Over 2,000 workers crowded into Victoria Square in Birmingham last Saturday to protest against council plans to downgrade thousands of jobs.
The rally showed the determination and anger of workers from all sectors of the council not to be intimidated into accepting planned pay cuts as part of a “single status” deal.
A school caretaker told Socialist Worker that he stood to lose £3,000 a year. “It’s terrible,” he said. “I’ll have to leave my job because I can’t afford to take a £3,000 cut in pay. It’s a lot of money, isn’t it?”
Worker after worker spoke of how they will lose pay under the new scheme. One said, “There are people doing the exact same job as me who have been regraded differently to me – and that is not fair. Now I have got to worry about how I will pay my mortgage.”
Caroline Johnson, assistant branch secretary of the Unison union at the council, said, “There can be no justification for men and women not having equal pay. But thousands of those losing pay under the council’s proposals are women.
“Gordon Brown can find billions for war in Iraq, or to bail out Northern Rock. So why can’t he find £2.5 billion to let the council off the hook?”
The momentum for industrial action was clear from the rally.
“Pay grading reviews are happening throughout the country, but the council here in Birmingham is behaving particularly badly,” Peter Allenson, a national officer from the Unite union, told the rally.
“The council has behaved in a diabolical manner – and with a group of staff that couldn’t be more deserving.
“It’s the biggest employer in local government in this country, yet it has set the worst example of how any employer should behave.”
Keith Sonnet, Unison’s deputy general secretary, said, “I warn Birmingham council to pull back from the brink or face a damaging conflict with its own workforce.
“There is no way that Unison could tolerate the wholesale sacking of an entire workforce or the imposition of a new pay structure that does not deliver equal pay but ends with thousands losing thousands.”
For all the talk of single status sorting out equal pay, the Birmingham deal will mean 110 women will lose more than £10,000. Across the council, there are twice as many women as men facing pay cuts.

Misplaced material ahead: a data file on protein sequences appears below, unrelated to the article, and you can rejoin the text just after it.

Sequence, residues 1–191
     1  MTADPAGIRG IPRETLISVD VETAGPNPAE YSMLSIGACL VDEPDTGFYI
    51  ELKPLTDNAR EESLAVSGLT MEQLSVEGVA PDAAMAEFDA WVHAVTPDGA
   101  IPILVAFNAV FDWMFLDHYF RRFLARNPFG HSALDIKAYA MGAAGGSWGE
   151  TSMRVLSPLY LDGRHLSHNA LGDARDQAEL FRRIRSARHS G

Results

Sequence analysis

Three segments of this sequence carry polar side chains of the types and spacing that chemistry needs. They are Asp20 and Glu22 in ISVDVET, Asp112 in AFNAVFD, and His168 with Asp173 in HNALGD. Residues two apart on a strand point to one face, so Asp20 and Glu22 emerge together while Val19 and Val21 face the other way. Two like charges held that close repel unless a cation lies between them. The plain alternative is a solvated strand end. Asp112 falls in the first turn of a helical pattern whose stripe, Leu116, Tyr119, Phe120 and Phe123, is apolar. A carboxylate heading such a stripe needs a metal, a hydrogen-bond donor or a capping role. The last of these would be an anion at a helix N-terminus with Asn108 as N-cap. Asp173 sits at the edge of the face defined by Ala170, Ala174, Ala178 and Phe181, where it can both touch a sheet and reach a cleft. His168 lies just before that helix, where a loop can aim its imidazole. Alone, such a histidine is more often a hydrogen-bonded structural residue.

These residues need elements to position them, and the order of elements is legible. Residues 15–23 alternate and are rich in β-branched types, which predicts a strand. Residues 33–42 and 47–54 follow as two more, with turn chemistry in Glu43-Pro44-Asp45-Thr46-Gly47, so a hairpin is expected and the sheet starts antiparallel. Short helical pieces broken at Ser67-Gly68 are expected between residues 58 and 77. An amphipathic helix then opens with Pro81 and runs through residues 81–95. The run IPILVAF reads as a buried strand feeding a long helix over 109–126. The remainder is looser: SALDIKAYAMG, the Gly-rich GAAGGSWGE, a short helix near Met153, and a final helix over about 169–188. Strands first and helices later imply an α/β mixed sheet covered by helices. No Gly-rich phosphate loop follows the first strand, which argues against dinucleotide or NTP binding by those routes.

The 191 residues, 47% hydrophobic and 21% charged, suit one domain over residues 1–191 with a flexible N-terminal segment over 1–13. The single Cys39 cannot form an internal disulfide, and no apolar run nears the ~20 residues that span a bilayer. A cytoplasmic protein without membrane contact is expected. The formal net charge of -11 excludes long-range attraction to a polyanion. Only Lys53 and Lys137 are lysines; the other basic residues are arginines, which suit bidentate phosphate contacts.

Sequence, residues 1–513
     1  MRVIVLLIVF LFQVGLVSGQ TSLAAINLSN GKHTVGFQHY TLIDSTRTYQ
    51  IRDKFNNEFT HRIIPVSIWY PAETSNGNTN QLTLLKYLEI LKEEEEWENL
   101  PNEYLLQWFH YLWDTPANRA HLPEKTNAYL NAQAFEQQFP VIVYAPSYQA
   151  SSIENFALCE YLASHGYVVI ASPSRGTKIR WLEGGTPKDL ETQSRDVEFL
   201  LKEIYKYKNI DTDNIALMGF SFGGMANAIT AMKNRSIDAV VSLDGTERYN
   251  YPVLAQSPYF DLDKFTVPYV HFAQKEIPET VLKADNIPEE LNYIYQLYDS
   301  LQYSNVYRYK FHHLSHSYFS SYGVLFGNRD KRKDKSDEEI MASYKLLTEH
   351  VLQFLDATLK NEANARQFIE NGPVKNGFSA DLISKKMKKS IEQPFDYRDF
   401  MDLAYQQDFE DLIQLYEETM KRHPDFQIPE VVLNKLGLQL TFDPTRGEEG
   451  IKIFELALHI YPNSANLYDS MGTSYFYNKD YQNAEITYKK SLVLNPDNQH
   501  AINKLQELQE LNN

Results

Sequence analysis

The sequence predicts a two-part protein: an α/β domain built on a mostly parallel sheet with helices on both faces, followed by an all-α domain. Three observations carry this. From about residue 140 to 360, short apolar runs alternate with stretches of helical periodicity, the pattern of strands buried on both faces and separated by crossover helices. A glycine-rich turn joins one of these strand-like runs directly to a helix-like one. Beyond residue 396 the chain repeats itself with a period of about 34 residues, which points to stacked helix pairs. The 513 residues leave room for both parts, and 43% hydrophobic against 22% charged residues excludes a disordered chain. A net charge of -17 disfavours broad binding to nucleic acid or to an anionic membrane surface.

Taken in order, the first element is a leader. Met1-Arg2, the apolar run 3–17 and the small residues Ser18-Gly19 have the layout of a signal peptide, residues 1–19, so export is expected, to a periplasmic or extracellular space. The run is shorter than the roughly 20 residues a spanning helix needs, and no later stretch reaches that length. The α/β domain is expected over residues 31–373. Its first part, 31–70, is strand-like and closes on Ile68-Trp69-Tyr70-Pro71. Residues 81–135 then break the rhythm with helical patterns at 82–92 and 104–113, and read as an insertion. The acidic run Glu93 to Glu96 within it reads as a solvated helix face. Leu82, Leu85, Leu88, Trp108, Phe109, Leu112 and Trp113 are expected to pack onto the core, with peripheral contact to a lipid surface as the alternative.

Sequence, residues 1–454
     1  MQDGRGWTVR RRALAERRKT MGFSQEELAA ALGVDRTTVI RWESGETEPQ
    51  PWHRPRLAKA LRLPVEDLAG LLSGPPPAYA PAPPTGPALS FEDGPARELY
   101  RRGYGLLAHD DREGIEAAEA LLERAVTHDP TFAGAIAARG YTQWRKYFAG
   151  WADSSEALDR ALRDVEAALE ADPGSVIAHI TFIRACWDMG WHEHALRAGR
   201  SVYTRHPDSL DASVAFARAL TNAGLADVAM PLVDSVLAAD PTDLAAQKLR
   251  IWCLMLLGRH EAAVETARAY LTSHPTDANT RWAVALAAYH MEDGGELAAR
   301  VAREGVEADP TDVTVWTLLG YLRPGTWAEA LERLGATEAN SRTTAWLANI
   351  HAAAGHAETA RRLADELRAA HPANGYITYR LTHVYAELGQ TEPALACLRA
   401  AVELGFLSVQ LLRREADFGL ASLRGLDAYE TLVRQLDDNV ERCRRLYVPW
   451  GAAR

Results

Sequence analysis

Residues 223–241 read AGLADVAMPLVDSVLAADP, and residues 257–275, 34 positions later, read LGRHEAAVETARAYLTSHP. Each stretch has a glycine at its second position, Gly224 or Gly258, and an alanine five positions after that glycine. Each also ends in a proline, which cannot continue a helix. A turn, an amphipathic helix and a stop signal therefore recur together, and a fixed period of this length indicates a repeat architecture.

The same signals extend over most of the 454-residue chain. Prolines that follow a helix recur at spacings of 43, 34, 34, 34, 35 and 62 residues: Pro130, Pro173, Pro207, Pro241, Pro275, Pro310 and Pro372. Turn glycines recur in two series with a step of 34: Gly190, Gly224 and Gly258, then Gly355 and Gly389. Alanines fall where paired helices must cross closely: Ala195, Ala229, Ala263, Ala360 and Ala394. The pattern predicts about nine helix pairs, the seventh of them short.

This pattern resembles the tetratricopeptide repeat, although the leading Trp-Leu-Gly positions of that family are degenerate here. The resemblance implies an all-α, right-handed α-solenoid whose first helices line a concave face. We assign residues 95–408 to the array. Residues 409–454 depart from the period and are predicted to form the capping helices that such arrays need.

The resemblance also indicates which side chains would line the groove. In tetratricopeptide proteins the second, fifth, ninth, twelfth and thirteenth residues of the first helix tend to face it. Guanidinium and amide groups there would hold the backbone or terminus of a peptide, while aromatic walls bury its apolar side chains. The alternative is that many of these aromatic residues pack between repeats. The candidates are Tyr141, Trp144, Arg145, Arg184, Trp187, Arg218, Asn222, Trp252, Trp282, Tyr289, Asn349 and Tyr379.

The picture for those who will get pay rises is also pretty bleak. For instance, over 3,000 women are due to gain an increase of less than £99 – roughly £1.50 a week after tax.
General assistants in kitchens and cleaners are being moved from below the bottom of the nationally agreed pay to the bottom of the scale – an increase of a few pounds a year.
Home carers and care assistants are being placed at the bottom of a pay grade, denying them an increase of £2,000.
While thousands of workers have refused to return their new contracts, some 12,000 others have been sent holding letters – so they still don’t know what their job evaluation is.
At the rally as well as banners from the unions in the council – Unison, Ucatt, GMB and the Amicus and T&G sections of Unite – there was support from other workers.
Derbyshire PCS civil service workers’ union sent a delegation.T there were banners from Birmingham TUC, Birmingham and Dudley NUT teachers’ union branches, and from Unison branches in Wolverhampton, Sandwell, and Telford.
Mary came from Coventry Unison to show solidarity. She said, “The sad thing is that councils have been allowed to stagger their implementation so that the effect hasn’t been the same as if it had happened all at the same time. We should have had a national strike.”
The head of Birmingham Labour Party’s group of councillors, Albert Bore, said that negotiating changes to the structure was not an option.
“It has to be abandoned and the process started again,” he said. “If industrial action is what it takes to achieve this, then each and every member of the Labour group will support you.”
One worker in the council’s finance department told Socialist Worker, “The union in my department has been reinvigorated by the dispute.
“When an email arrived from the head of human resources defending the single status deal, a union meeting was called immediately.
“People were saying that if they hadn’t been planning to vote for a strike before, the council’s attitude would now make them vote yes.”
The unions are balloting members for industrial action, including a strike. Voting closes on Friday of next week. A strike is likely for 5 February.